I used to have a terrible time with insomnia. Used to — I have to knock on wood — don’t want to unleash the demons. I could get to sleep just fine, but would be wide awake a few hours later and could not get back to sleep.
Was it stress? The full of the moon? The French vanilla ice cream I had for dessert? Or could it be my electronic gadgets? I was addicted, yes addicted, to my cell phone. I was always monitoring emails, going on Facebook or googling something. I also frequently used my iPad in the evening — often propped up in bed playing solitaire, which I considered relaxing. And, at least one night a week, I watched my favorite TV shows until way past my bedtime.
A recent survey of 1508 American adults showed that 90% use some type of an electronic device at least a few nights a week within one hour of going to bed. So, I’m not alone. It’s a common behavior. Trouble is, it’s robbing us of valuable sleep.
Exposure to artificial light
Whether you’re on your cell phone, iPad or computer, playing video games or watching television before you go to bed, you are exposing yourself to artificial light, which suppresses the production of melatonin.
Melatonin is a hormone made by the pineal gland, which rests in the middle of our brains. During the day, the gland is fairly idle. But as soon as the sun goes down, it begins to produce melatonin, which makes us feel less alert and ready for sleep. When the sun rises, the amount of melatonin in your blood dips and you should feel more alert and ready to take on the day.
Exposure to artificial light before bedtime is bad for our health, according to a 2011 study by Joshua Gooley, Ph.D, a researcher at Brigham and Women’s Hospital and Harvard Medical School. “Our study shows that this exposure to indoor light has a strong suppressive effect on the hormone melatonin,” he says. “This could, in turn, have effects on sleep quality and the body’s ability to regulate body temperature, blood pressure and glucose levels.”
The blues and melatonin
Any kind of light can suppress melatonin, but blue light — which is emitted by electronics (and energy efficient light bulbs) — has the strongest effect. Another study, also conducted by Harvard Medical School and colleagues, compared 6.5 hours of exposure to blue light to 6.5 hours of exposure to green light, which has a longer wavelength than blue. Exposure to the blue light suppressed melatonin for about twice as long compared to the green. It also shifted circadian rhythms by twice as much.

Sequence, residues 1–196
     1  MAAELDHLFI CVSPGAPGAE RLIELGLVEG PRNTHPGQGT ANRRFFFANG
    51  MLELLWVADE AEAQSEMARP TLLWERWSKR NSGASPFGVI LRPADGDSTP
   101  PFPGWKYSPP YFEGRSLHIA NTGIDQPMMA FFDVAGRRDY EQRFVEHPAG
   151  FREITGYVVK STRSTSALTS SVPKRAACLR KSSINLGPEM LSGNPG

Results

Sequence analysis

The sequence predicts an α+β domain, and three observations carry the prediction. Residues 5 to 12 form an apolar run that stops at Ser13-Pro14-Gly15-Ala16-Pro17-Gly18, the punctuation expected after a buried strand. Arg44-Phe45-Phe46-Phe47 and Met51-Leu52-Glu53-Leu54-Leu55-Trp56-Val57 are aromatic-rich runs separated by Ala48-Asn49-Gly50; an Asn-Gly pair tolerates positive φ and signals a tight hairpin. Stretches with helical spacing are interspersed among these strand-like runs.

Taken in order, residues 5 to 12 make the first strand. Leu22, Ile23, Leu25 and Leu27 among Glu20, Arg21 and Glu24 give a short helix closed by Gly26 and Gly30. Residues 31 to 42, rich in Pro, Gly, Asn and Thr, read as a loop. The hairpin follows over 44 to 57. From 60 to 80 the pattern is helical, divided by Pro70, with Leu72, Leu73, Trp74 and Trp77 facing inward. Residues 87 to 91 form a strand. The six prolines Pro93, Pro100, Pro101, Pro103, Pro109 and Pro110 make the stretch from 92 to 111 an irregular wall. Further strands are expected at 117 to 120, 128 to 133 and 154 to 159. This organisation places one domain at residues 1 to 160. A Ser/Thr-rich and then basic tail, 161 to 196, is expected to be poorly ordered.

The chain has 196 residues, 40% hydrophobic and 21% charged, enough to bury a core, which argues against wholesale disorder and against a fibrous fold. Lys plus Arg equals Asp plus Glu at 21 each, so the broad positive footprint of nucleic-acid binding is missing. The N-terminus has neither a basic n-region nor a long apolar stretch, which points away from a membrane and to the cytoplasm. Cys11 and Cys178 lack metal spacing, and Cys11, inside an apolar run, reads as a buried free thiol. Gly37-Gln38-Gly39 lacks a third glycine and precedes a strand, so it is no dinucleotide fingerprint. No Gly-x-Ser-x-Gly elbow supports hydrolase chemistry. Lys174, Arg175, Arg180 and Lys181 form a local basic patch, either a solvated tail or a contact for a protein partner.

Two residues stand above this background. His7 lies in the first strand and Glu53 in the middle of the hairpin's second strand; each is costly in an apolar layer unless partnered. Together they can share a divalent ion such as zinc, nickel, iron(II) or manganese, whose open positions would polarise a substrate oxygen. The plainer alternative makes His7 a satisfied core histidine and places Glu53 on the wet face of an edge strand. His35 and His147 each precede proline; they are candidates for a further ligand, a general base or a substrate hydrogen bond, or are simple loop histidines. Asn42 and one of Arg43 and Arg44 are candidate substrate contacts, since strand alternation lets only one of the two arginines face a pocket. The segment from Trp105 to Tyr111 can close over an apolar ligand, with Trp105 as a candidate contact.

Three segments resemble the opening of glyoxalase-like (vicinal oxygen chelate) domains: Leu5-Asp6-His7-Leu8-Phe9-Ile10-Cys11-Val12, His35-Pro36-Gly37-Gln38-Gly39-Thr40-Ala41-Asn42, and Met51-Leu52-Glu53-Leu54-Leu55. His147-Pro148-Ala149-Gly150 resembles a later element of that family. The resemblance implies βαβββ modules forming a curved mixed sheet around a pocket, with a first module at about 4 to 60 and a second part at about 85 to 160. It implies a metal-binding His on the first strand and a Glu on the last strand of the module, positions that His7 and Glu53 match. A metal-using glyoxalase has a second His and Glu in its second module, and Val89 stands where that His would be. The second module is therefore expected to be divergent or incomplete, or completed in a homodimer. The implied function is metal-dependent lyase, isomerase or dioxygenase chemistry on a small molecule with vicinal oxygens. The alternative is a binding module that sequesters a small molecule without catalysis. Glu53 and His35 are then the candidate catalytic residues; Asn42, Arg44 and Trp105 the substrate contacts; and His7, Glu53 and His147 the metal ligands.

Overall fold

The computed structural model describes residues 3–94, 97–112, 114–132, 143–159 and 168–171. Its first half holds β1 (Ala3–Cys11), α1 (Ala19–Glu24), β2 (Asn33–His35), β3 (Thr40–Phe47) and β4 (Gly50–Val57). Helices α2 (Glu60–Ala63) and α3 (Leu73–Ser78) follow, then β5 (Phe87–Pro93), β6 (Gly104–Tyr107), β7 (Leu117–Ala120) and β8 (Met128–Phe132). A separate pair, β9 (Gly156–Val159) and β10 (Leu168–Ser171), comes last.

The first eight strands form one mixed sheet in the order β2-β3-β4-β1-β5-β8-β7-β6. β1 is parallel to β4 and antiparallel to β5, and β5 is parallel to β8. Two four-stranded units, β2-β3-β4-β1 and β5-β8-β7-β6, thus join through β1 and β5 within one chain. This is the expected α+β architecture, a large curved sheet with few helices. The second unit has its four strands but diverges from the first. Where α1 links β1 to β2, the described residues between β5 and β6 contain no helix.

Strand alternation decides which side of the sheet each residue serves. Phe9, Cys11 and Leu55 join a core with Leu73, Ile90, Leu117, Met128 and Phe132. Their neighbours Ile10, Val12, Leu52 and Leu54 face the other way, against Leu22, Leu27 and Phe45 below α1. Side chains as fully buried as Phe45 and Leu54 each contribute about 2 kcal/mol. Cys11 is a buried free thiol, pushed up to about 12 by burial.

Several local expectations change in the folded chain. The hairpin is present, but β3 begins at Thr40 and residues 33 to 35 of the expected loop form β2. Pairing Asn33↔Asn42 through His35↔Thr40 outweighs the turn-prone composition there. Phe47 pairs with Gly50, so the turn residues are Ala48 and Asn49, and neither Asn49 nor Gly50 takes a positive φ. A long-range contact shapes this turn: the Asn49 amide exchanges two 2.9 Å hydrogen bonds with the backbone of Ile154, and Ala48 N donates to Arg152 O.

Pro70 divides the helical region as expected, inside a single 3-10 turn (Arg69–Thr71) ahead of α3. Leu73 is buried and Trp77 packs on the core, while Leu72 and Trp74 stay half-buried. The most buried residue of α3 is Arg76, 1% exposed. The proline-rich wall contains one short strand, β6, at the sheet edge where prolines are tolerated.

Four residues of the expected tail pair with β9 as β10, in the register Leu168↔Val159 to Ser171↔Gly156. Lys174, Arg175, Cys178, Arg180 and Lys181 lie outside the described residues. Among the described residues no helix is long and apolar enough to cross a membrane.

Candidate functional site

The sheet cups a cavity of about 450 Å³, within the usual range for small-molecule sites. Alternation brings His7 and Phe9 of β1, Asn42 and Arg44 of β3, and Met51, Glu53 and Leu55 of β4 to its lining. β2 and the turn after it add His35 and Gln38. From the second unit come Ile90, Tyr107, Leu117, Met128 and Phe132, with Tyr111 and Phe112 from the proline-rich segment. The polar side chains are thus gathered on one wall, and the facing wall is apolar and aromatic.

But melatonin does more than help us sleep. It also appears to help fight off infections and slow the progression of cancer and other diseases, including diabetes, heart problems and depression. An article in the Harvard Health Letter states that, “Worse, research shows that it may contribute to the causation of cancer, diabetes, heart disease and obesity.”
You may not be able to avoid looking at blue light altogether, but there are things you can do to lessen your exposure.
- Turn off all those brightly lit screens at least one hour before going to bed.
- Use dim red lights for night lights.
- If you work the night shift or have to use electronic devices at night, consider wearing glasses or goggles that block blue light.
- Expose yourself to lots of bright light during the day, which will boost your ability to sleep at night, as well as your mood and alertness during daylight.
What did I do?
How did I solve my sleep problem? Several small changes have made a big difference. First and foremost, I recognized that stress was a major cause of my waking up in the middle of the night. Once I came to terms with the cause of my stress and took steps to alleviate it as much as possible, I started sleeping better.
After reading that you should sleep in a totally darkened room, I noticed (at three o’clock one morning) that my bedroom was aglow with LED lights. For awhile, I wore a sleep mask, which worked immediately.
As for cutting down on my use of technology at night, I leave the iPad in the other room and although I keep my phone on my bedside table (in case of emergency,) I put it in the far corner, where it can’t be easily reached.
Besides looking at them before bed, I would also read things on my phone when I couldn’t get back to sleep. Do you remember reading a book under the covers with a flashlight? Well, I would read my phone under the covers. Not anymore!
What about you?
Do you take your electronic devices to bed with you? If you do, will you try to put them away at least one hour before bedtime?
In case you didn’t know, I send out a monthly Catching Health Newsletter that highlights recent posts you might have missed. It’s an easy way to stay in touch. I’d love it if you’d sign up!